Documentarian

But that humor and that sensitivity towards the world is what really got me going, Wow, someone has to be filming this.

AS: The humanity in it, combined with his artistry…
DR: Exactly. And I grew very excited and extremely intimidated because this guy was, for me, a larger-than-life figure, he was a mentor, and who am I to take the responsibility of telling such an important story? I was rather terrified.

So a buddy of mine at the AFI finally sort of broke the ice when after a class he called Bob Boyle back into the classroom and said Dan has something to ask you and I’m like, No, I’m not ready, and Bob comes back, looks at me deadpan and says, What? and I stood there and I looked at him and I said, Bob, with your permission I’d like to make a film about your life and your art and he looks back at me deadpan and says Sure, let me know what I can do and turns around and walks away and that was that.

AS: So that was the beginning…
DR: That was the beginning in a very Robert Boyle way.

AS: What would you say is the difference between Bob’s whole view and the views of the other old-school productions designers in you films like Henry Bumstead, and the modern production designers of today?
DR: Henry Bumstead talks about the fact that ageing is a bygone art-form in production design today. He is well-known in the industry as the master of ageing sets and in Something’s Gonna Live he describes his process and why it’s important. He says you know that in a lot of the films he watches today the houses are so polished and clean it feels like the kids don’t live there. And there’s a- I’ll say it here but this is the first time I’ve actually mentioned this- there’s a story that Bummy told the class. He worked on Home Alone 3, and you know, true to form, Bummy aged the home. He aged the railing and the wall- the way the kids put their hands on the wall as they come down. And at one point before shooting some executives came in to see the set and they brought with them the marketing department for the film and they took one look and said we can’t sell our products in here and demanded that they repaint the whole house and “un-age” the set.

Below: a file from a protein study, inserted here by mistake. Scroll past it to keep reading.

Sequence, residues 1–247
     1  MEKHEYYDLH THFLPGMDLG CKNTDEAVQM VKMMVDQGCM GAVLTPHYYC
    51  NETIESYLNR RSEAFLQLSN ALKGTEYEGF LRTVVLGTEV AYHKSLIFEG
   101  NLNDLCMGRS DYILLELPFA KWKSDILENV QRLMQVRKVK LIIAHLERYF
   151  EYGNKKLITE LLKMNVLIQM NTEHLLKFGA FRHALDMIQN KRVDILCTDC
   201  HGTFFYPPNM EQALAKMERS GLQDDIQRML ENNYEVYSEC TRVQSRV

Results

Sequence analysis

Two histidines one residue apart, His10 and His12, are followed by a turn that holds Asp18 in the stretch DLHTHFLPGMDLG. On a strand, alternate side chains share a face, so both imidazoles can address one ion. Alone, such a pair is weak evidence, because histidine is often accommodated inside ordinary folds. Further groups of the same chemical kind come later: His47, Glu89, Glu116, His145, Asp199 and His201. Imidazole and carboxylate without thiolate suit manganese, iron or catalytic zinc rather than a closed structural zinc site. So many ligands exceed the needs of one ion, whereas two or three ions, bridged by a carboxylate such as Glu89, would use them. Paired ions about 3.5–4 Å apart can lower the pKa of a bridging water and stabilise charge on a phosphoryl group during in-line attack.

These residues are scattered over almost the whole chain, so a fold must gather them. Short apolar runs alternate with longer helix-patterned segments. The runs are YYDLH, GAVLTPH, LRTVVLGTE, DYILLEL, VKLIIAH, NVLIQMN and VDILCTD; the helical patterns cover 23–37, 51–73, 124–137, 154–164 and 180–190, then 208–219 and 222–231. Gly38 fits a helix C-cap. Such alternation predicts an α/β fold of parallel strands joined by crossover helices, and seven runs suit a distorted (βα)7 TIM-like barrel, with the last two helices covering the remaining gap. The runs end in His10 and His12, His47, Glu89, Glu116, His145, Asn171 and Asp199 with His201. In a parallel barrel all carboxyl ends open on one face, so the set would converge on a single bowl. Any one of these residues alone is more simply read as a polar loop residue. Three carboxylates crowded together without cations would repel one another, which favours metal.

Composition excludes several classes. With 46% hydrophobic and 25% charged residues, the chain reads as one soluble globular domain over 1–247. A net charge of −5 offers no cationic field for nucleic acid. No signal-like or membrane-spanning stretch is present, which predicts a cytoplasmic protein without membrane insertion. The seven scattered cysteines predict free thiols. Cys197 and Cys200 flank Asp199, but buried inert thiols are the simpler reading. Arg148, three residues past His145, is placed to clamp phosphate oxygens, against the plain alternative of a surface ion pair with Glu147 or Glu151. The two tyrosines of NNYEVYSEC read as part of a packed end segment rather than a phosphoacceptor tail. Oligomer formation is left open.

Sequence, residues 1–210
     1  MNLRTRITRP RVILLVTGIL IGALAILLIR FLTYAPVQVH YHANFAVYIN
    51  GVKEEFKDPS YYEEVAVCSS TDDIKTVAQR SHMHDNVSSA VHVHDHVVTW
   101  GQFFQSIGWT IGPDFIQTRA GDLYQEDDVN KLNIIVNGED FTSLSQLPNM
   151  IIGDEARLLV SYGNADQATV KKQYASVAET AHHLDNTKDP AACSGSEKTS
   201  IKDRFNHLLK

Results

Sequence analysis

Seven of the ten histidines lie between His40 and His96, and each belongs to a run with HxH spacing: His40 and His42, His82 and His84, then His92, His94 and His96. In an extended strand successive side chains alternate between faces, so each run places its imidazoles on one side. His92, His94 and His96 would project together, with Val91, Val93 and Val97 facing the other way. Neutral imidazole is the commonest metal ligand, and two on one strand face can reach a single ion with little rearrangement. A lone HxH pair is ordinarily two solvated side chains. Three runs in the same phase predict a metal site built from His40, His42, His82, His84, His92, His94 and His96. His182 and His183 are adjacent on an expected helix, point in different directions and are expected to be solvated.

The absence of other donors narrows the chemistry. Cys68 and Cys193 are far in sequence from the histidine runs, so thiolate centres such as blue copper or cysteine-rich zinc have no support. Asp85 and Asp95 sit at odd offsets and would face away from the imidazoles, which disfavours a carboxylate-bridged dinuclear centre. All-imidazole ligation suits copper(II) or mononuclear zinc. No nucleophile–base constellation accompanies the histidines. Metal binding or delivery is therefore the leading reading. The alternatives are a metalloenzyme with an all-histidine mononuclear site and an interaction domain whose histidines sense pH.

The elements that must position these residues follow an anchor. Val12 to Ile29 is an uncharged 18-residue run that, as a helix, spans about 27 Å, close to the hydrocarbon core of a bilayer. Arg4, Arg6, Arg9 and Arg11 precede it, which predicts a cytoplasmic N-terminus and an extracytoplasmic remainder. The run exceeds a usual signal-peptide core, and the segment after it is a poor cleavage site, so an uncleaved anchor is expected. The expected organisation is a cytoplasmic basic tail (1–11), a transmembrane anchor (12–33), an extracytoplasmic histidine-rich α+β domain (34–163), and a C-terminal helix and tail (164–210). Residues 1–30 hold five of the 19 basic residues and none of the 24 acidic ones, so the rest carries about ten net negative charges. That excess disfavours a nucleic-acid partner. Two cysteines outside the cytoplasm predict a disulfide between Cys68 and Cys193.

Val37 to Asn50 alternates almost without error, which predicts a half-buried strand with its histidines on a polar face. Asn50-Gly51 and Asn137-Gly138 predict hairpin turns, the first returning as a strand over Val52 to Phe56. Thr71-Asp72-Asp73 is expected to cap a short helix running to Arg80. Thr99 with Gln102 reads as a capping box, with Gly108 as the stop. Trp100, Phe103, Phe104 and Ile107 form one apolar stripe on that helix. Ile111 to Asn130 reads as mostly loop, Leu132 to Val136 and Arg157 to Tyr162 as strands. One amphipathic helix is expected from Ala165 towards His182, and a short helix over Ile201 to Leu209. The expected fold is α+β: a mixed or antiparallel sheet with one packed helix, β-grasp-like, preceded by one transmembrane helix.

And I think that sort of points to the kind of quality that these production designers that are featured in Something’s Gonna Live find at fault with the current state of the industry and it’s not just from the standpoint of selling products, it’s also the sense of the humanity that’s lost, the sense of character. Why are we telling these stories in the first place? Our major concern is to tell our story, a human story, and what we’re doing as production designers is interpreting the emotional and psychological needs of the screenplay into the physical environment.

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About the Interviewer

Tom Lisowski is a production designer who has designed swamp mazes shot in China, crumbling cliffs in Utah, future arenas in South Central, dilapidated tenements and twisted laboratories under luxurious mansions... William Anthony is a Los Angeles-based commercial and editorial photographer specializing in portraiture, lifestyle and documentary imagery... Guest photographer Nelson Cragg is an award-winning cinematographer who shoots and directs television, feature films, and commercial projects. Contact ArtStars: tom@artstars.us